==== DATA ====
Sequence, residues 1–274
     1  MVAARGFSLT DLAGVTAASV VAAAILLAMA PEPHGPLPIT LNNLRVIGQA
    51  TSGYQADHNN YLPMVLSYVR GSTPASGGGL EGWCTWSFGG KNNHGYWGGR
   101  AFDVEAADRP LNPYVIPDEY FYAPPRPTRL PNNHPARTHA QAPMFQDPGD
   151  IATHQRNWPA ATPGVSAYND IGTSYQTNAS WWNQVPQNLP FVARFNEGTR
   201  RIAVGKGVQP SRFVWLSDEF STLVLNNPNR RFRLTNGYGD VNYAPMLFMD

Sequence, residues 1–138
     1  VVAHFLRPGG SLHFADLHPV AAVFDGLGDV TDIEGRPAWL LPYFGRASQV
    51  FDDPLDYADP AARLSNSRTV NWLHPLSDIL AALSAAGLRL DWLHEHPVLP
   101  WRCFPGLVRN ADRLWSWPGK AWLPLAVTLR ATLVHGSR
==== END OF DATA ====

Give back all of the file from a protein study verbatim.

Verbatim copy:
Sequence, residues 1–274
     1  MVAARGFSLT DLAGVTAASV VAAAILLAMA PEPHGPLPIT LNNLRVIGQA
    51  TSGYQADHNN YLPMVLSYVR GSTPASGGGL EGWCTWSFGG KNNHGYWGGR
   101  AFDVEAADRP LNPYVIPDEY FYAPPRPTRL PNNHPARTHA QAPMFQDPGD
   151  IATHQRNWPA ATPGVSAYND IGTSYQTNAS WWNQVPQNLP FVARFNEGTR
   201  RIAVGKGVQP SRFVWLSDEF STLVLNNPNR RFRLTNGYGD VNYAPMLFMD

Sequence, residues 1–138
     1  VVAHFLRPGG SLHFADLHPV AAVFDGLGDV TDIEGRPAWL LPYFGRASQV
    51  FDDPLDYADP AARLSNSRTV NWLHPLSDIL AALSAAGLRL DWLHEHPVLP
   101  WRCFPGLVRN ADRLWSWPGK AWLPLAVTLR ATLVHGSR